Lawrence Lual Malong Yor Jr. says his money comes from Jesus Christ; and even after being pressed to give a convincing response, he refused.
In an interview with Citizen Television’s Jeff Koinange aired last Sunday, Mr Yor, who was in July, 2017 captured on tape bragging about his money, while literally swimming in it, denied claims that he is the son – or step-son – of former South Sudanese Chief of Staff in the Army, General Paul Malong Awan.
“According to our culture, one would be insulting me by claiming that I am General Malong’s step-son, while in real sense, I am not. I am Lawrence Lual Malong Yor senior’s son,” he said in the interview.
In a recent documentary titled “The Profiteers” by Kenyan journalist John Allan Namu – about the powerful people who allegedly benefited from South Sudan’s protracted war –, Mr Yor was portrayed as General Malong’s son – a belief, which was, until Sunday, held by several quotas.
Mr Malong, who was sacked by South Sudan president Salva Kiir in May, 2017, denied orchestrating the bloodbath in South Sudan, which led to the displacement of over two million people in a span of slightly over two years, beginning 2013.
The documentary suggested that it was during the South Sudanese civil war period that General Malong looted money to the tunes of millions of dollars and stashed them in foreign banks. Mr Malong refuted those claims on the Citizen TV interview.
Lual Malong Yor Jr., on the other hand, denied that he benefited from General Malong’s proceeds.
“My money comes from Jesus Christ,” said Mr Yor, who claimed – in the interview – that he sleeps in a presidential suite at a top Nairobi hotel. Mr Yor claims he spends $2, 500 (Ksh250, 000) per night on his accommodation alone at the facility.
Mr Yor further bragged about the Rolex watch he wore to the interview, saying it set him back $10, 000 (Ksh1 million).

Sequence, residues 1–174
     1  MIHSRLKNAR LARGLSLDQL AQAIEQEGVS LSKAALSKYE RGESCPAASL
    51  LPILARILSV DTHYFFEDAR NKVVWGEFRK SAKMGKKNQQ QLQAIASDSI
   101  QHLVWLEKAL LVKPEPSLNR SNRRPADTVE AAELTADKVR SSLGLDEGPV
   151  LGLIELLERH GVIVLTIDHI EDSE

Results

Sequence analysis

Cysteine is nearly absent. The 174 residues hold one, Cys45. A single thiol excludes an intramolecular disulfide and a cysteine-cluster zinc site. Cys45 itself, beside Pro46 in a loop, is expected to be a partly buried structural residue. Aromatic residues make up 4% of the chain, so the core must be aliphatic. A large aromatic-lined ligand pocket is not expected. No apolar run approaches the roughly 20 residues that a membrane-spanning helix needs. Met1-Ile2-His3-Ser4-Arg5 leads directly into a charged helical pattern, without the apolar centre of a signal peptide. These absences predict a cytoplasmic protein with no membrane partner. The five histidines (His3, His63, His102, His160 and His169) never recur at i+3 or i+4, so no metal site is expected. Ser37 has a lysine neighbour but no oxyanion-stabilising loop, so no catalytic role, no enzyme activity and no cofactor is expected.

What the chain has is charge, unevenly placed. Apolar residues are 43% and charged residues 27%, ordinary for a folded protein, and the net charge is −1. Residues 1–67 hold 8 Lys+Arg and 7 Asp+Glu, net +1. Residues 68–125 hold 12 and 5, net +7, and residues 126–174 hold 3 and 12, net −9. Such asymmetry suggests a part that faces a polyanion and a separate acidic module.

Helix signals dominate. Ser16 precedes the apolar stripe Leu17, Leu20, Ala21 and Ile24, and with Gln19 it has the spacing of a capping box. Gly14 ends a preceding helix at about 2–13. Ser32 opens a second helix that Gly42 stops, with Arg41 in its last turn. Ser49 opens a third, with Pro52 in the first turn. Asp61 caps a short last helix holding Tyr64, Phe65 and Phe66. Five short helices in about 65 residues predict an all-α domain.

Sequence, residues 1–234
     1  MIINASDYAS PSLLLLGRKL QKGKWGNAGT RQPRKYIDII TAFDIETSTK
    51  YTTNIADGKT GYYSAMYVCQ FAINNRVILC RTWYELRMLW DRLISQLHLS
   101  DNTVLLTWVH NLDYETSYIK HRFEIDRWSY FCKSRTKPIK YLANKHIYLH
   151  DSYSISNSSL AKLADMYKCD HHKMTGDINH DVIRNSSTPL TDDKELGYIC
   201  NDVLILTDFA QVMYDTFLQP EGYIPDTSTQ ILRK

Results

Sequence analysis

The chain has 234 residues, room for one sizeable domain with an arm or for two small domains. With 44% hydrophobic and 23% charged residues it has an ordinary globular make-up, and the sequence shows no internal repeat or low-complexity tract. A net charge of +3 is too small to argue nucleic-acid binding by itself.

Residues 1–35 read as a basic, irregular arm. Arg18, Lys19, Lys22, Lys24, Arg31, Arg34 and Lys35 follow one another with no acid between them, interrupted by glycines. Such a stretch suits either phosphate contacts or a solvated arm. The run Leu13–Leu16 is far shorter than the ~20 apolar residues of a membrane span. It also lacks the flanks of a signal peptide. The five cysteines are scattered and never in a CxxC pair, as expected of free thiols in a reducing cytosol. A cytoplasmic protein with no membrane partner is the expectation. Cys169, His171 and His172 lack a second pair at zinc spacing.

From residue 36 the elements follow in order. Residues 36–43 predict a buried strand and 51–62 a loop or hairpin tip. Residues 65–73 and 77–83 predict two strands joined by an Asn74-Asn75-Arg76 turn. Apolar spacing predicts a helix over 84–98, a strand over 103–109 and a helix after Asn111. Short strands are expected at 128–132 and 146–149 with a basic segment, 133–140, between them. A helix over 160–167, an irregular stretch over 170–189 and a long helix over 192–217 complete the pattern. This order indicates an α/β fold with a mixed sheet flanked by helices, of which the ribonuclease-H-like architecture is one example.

An investigative unit co-founded by American actor George Clooney suggested that Mr Yor, and a section of South Sudan’s political and military leaders could have accrued vast fortunes and personal wealth during the country’s two-and-a-half year civil war.
The report was published on “The Sentry”, which is a partnership between Mr Clooney’s “Not On Our Watch” foundation, which seeks justice against those who commit genocides, and non-profit organization C4ADS, which focuses on data-driven analysis of global conflict.
In his now-viral video, Mr Yor was seen lying on a bed covered with $100 notes. He claimed that there was $1 million (Ksh100 million) total on the bed which, he said, was in a “presidential suite” in an undisclosed location.
In the video, Mr Yor, who refers to himself as “Young Tycoon”, alleged that he had donated $5 million (Ksh500 million to the Kenya Red Cross and the South Sudan Red Cross respectively.
He further alleged that he had made other million-dollar donations to churches in Juba and Nairobi.
Red Cross Kenya, when contacted for comment, denied Mr Yor’s allegations.
Noellah Musundi, public relations manager at the Kenya Red Cross told “Newsweek”: “The claims in the video [by Mr Yor] are not correct. We are following up on this false claim, which is misleading and malicious.”
Just like its sister branch in Kenya, the South Sudan Red Cross also refuted Mr Yor’s claim.
John Mayom, the head of communications at the South Sudan Red Cross told “Newsweek”: “I am not aware of that donation, and I should be the first person to know about it.”
In the viral video Mr Yor claimed he was like US President Donald Trump because he is “as great as him” and he “flaunts his wealth as the US leader”.
“The Sentry” report claimed that “Lual Yor was active in South Sudan’s mining sector and has ties to companies involved in the mining of gold and diamonds, among other minerals”.
The report further said that “In apparent contravention of South Sudanese law, Lual said he did not have to go through a public-tender process to secure mining contracts”.
Mr Yor allegedly has close links to President Kiir and Mr Malong, a claim he denied on the Citizen TV interview.
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